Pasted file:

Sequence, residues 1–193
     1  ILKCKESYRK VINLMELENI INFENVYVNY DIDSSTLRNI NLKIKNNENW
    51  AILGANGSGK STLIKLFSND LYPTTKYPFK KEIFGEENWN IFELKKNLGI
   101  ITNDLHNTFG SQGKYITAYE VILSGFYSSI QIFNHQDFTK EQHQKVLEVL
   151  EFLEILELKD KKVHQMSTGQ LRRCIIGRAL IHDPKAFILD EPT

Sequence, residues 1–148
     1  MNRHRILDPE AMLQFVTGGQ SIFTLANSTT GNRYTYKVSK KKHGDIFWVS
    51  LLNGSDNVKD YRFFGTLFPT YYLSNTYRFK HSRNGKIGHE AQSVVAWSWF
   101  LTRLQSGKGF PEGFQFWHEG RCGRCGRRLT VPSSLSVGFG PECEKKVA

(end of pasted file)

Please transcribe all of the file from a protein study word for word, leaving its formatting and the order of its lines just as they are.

Sequence, residues 1–193
     1  ILKCKESYRK VINLMELENI INFENVYVNY DIDSSTLRNI NLKIKNNENW
    51  AILGANGSGK STLIKLFSND LYPTTKYPFK KEIFGEENWN IFELKKNLGI
   101  ITNDLHNTFG SQGKYITAYE VILSGFYSSI QIFNHQDFTK EQHQKVLEVL
   151  EFLEILELKD KKVHQMSTGQ LRRCIIGRAL IHDPKAFILD EPT

Sequence, residues 1–148
     1  MNRHRILDPE AMLQFVTGGQ SIFTLANSTT GNRYTYKVSK KKHGDIFWVS
    51  LLNGSDNVKD YRFFGTLFPT YYLSNTYRFK HSRNGKIGHE AQSVVAWSWF
   101  LTRLQSGKGF PEGFQFWHEG RCGRCGRRLT VPSSLSVGFG PECEKKVA